Saturday, April 05, 2008

EU Tour Quick Hits

I'm very tired. I've been in the EU since last week Wednesday, first at Euruko in Prague, then getting slides ready for Scotland on Rails, and finally preparing a release announcement with Tom today. It's been a very long 11 days. So here's some quick hits for you.

  • EuRuKo FTW - It seems like EuRuKo was the conference to be at. We had three choices over the past two weeks: EuRuKo, last weekend in Prague; RubyFools A and B, in Copenhagen and Denmark earlier this week; and Scotland on Rails in Edinburgh yesterday and today. We made earlier commitments to EuRuKo and Scotland and opted not to kill ourselves by making extra trips to Copenhagen and Oslo. But from the sounds of it, we did pretty well. EuRuKo had better than 300 people, and it was a great conference...felt very much like my first RubyConf in 2004. Scotland had a hundred-something people and I heard from a few other folks RubyFools was about the same. And although my opinion of Prague was only slightly improved this trip, EuRuKo turned out to be an excellent conference.
  • Beer is dangerously cheap in Prague - I'm not sure why I didn't learn my lesson the first time.
  • Scotland is beautiful - Maybe I like rainy, green places, but I thought Edinburgh was a beautiful city and Scotland was a beautiful country. I wish I'd had time to go hiking on the crags or take a day trip to Loch Ness. I'll definitely be back.
  • Rails developers like more than Rails - We went out on a limb with our 90-minute Scotland on Rails talk and also presented NetBeans Ruby/Rails support, performance/threading demos, Ruby-Processing graphics eye-candy, the classic IRB/Swing demonstration, and a healthy series of slides debunking most of the great myths about Java. And the attendees loved it. Sure, we had lots of people really excited about the GlassFish Gem and WAR-file deployment, but we had at least as many excited about using Swing in Ruby, distributing all-in-one application bundles with JRuby, compiling code for fun and profit (and a perhaps disturbing number of people wanting compilation solely for obfuscation purposes), and general NetBeans Ruby/Rails features. It was a far more receptive audience than I'd expected, and the talk felt just great.
  • I need to come back to the UK soon - I like it here, and there's tons of people interested in JRuby. Gotta find a good excuse to come back soon.
And of course, we got JRuby 1.1 out today (download), after a good 9-10 months since JRuby 1.0. Happy times! Now, back to work...JRuby 1.1.1 soon, additional maintenance releases as needed, and super-happy-ultra JRuby 1.2/2.0 work coming up.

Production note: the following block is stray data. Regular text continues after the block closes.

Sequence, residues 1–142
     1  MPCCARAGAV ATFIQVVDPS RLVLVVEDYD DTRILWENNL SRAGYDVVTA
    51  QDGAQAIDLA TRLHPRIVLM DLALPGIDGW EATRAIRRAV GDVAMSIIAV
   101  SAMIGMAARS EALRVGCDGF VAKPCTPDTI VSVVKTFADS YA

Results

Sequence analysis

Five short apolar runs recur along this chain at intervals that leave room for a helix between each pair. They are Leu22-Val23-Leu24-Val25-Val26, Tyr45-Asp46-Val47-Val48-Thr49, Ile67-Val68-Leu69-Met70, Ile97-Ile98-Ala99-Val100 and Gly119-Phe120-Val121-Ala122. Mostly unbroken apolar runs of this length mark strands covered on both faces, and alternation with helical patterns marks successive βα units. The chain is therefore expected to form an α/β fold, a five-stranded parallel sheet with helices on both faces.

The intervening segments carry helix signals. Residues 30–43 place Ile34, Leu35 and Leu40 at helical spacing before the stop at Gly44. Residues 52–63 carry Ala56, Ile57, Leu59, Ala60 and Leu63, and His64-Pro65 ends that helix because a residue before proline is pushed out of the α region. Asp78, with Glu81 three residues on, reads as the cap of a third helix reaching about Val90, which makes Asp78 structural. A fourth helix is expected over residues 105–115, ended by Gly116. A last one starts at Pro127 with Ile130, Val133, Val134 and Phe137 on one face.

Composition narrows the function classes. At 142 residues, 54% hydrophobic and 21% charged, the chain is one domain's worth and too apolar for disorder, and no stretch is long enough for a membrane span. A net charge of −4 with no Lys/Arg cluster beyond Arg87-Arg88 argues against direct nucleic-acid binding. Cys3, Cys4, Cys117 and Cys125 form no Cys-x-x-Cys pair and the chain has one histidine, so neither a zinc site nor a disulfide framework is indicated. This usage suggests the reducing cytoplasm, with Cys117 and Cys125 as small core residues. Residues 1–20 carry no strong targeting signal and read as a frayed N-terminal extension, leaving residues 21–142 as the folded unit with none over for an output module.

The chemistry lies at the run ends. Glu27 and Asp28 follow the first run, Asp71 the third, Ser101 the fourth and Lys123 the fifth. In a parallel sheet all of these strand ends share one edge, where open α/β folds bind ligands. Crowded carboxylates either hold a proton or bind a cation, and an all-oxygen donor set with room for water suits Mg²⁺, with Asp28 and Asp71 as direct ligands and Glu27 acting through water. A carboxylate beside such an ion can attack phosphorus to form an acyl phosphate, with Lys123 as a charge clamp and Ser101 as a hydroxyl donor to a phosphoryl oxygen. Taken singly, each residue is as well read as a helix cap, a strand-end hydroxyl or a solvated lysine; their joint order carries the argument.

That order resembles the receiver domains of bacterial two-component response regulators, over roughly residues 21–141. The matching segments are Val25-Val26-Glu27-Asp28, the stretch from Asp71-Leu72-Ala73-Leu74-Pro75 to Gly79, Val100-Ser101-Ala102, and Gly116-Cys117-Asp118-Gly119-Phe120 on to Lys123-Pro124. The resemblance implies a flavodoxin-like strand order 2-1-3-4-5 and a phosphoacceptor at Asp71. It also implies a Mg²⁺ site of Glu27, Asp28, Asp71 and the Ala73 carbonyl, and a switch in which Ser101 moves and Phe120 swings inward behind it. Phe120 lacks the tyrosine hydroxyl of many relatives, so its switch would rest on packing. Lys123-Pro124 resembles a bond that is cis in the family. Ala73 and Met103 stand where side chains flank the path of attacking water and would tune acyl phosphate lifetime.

I sleep now.


R. Mark Volkmann said...

Are the slides from your presentation available? If so, where?

Charles Oliver Nutter said...

Mark: All slides are available here:

Talks dir on downloads

Anonymous said...

Great talk in Scotland. Definitely we'll be giving JRuby a try

Kevin Hutchinson said...

Thanks for giving an awesome talk. I was really tired by the end of the conference, but so glad I got to see you demo threads and the glassfish_rails stuff - very cool indeed. The bouncing balls demo showed Ruby can be used in performance apps - something I'd never have believed before I saw it. Good luck with Duby - the Groovy community has been asking for a "Doovy" but the lead progs are afraid of forking their language. Shame coz any optimizations in code where you don't need the "dynamic goodness" are such a huge win for production deployments.

PS How about putting your code typing method signatures in special comments so Duby can also run as Ruby?

Charles Oliver Nutter said...

Nick: Excellent...let us know how it goes and if you have any problems.

Kevin: We were worried about going last, but I think the talk went really well...certainly a lot better than we expected. And we expected maybe 30 people to be left, so I'm glad everyone stuck around.

Currently the Duby signature can either be via a parser tweak (in the method signature) or via a no-op hash as the first line in the method body. The latter is entirely compatible with normal Ruby, though it does introduce a bit of overhead for constructing that hash.

Isaac Gouy said...

fyi benchmarks game JRuby 1.1

Anonymous said...

If you are in Scotland again, visit Mull. That's a beautiful island at the west coast.

Of course there are pubs, beer, whiskey on Mull.
But the best is the landscape. And eagles, if you are into bird watching: Golden Eagles and White-tailed Eagle (Europes biggest eagle)

Anonymous said...

I remember hiking in Scotland Hebrides during 3 weeks, hopping on numerous ferries in the process, and going from Island to Island. It was marvelous, though a bit rainy ;-)